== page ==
Last week’s Queen’s speech was a tad light on legislation – no bad thing given what else there is to think about. But here are some of the things coming up for us in 2009
Construction Contracts Bill – now the Local Democracy Economic Development and Construction Bill
This was due to be published on 5 December 2008. It should reveal to what extent the criticisms – that the proposed payment mechanism is too complicated and the adjudication cost changes unnecessary – have been taken on board. Either way, these provisions will require amendment of standard form contracts. As the Scheme for Construction Contracts also has to be amended, it may not apply to contracts entered into until 2010.
The Arbitration (Scotland) Bill
This bill should at last become law introducing a similar regime for arbitration to that contained within the Arbitration Act 1996. The current draft seeks to do this through a set of, mandatory and default, rules similar to the Scheme for Construction Contracts in adjudication.
The Remedies Directive and Public Sector Procurement
A year ago a new directive which deals with remedies for breach of public sector procurement rules was published (2007/66/EC). It is required to be implemented as law by all member states by 20 December 2009. It introduces:
- A new EU-wide requirement for a “standstill” period following the communication of the contract award to unsuccessful bidders (similar to the UK’s own ALCATEL provision).
- An automatic “suspension period” during which the contracting body will not conclude a contract while an unsuccessful bidder considers the reply to its formal complaint.
- A requirement that the contract is not concluded while a contract award decision is being reviewed
- A requirement that the courts be given power to declare the contract ineffective or impose penalties, not only financial, to include shortening the contested contract’s duration.
This will be a significant piece of legislation, where this year alone we have seen a number of legal challenges to public sector awards (see McLaughlin & Harvey vs Department of Finance & Personnel).
It is expected that the public sector will have to report on pay and other equality measures
The Equality Bill
Although the Equality Bill has not yet been published, we already have a clear idea of the main issues. Its remit is to amalgamate and simplify all the different strands of existing anti-discrimination law in the UK. Part of the bill will include an inquiry by the Equalities and Human Rights Commission into race in construction. The commission notes that: “Only 2.5% of workers in the construction industry are from ethnic minorities, compared to 8% of the workforce as a whole. The inquiry will focus on race discrimination but issues such as procurement practices and the treatment of migrant workers may form part of the recommendations. The inquiry may also cover other areas such as gender discrimination.”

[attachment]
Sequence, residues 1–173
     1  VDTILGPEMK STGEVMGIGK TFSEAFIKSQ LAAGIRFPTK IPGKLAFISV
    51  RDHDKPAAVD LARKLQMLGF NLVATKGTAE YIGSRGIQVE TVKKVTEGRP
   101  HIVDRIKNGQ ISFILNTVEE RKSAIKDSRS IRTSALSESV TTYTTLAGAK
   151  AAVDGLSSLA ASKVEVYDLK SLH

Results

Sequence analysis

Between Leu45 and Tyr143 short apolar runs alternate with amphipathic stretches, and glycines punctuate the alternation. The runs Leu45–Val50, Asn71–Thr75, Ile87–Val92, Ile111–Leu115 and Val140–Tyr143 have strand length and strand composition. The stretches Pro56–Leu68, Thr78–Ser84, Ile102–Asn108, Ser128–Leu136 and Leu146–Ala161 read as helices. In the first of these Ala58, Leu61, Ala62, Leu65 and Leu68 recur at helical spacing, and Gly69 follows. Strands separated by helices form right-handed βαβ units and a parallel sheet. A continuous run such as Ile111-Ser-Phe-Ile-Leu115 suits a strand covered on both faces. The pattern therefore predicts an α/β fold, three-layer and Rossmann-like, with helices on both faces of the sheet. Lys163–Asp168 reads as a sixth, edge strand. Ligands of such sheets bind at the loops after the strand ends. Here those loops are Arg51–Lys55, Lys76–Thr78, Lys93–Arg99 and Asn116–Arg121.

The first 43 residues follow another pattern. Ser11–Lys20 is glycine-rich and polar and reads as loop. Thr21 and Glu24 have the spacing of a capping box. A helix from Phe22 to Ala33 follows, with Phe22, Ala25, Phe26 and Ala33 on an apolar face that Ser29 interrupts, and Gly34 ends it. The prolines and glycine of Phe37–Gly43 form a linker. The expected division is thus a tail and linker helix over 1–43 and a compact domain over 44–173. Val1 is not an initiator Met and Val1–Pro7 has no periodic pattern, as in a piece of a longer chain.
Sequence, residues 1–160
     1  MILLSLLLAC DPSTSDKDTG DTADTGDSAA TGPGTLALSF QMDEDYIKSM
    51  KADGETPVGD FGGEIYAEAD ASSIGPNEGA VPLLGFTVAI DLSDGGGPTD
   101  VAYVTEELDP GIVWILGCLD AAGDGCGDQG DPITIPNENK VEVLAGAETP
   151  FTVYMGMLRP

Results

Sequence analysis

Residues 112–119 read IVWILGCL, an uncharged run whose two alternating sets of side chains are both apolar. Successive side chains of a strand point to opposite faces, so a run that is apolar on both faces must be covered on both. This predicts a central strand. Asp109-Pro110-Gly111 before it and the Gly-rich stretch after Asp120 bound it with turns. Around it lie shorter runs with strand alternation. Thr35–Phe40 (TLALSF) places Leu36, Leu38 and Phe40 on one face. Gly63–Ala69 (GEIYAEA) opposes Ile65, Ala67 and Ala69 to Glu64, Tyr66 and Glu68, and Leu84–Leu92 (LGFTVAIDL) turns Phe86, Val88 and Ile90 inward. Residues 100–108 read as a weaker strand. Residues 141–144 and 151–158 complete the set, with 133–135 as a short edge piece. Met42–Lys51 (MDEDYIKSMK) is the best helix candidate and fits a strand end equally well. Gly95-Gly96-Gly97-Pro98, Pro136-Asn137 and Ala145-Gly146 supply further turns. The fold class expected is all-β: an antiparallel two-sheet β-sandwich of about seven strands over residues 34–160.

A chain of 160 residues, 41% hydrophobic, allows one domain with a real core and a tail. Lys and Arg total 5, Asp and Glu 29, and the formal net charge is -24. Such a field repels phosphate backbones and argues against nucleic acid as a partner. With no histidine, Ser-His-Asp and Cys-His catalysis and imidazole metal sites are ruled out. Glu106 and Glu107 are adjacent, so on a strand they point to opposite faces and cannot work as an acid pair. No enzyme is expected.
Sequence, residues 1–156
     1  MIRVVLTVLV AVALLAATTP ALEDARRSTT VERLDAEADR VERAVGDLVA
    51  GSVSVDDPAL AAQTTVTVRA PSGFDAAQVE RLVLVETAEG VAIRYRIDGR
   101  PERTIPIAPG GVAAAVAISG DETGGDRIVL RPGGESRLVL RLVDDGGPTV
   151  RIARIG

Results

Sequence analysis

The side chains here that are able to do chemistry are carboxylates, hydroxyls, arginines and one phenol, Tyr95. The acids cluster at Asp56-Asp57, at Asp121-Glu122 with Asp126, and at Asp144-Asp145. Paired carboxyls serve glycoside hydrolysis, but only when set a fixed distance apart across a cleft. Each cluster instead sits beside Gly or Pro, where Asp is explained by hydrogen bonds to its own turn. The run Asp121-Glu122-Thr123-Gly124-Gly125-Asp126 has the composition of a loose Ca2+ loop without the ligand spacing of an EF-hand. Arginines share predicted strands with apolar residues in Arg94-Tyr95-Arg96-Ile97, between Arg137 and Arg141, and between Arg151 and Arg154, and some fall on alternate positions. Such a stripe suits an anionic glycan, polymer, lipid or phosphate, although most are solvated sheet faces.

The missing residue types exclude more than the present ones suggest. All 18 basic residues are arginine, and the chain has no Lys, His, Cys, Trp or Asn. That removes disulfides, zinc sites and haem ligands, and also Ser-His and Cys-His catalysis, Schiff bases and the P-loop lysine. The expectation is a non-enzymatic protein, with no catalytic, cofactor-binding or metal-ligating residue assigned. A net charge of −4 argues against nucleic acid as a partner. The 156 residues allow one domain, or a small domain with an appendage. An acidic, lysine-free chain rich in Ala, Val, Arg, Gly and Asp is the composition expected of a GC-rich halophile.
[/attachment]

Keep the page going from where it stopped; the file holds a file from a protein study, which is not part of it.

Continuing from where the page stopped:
On a broader level, one of the key themes is to promote transparency in pay systems with a view to reducing the gender pay gap. Although the government rejected mandatory pay audits for the private sector, it is expected that the public sector will have to report on pay and other equality measures. It also intends to use the commercial lever of public procurement as a way of ensuring that private companies that contract with the public sector demonstrate a commitment to equality.
The Employment Act 2008
This act comes into force on 6 April 2009 and will abolish the universally disliked statutory dispute procedures which have governed disciplinary, dismissal and grievance procedures since 2004. The Acas Code of Practice on Discipline and Grievances will take their place, giving employers more flexibility on workplace disputes, and will hopefully lead to less litigation over procedural issues. Unreasonable failure to follow the code can lead to a rise in compensation by 25%.
Health and Safety (Offences) Act 2008
Due to come into force in January, this act increases the fines that can be imposed from £5,000 to £20,000, and broadens the range of offences for which individuals can face up to two years imprisonment. Such offences include breaches of the employers’ duties to employees in providing and maintaining safe plant and machinery and a safe working environment.
Lindy Patterson is a partner in Dundas and Wilson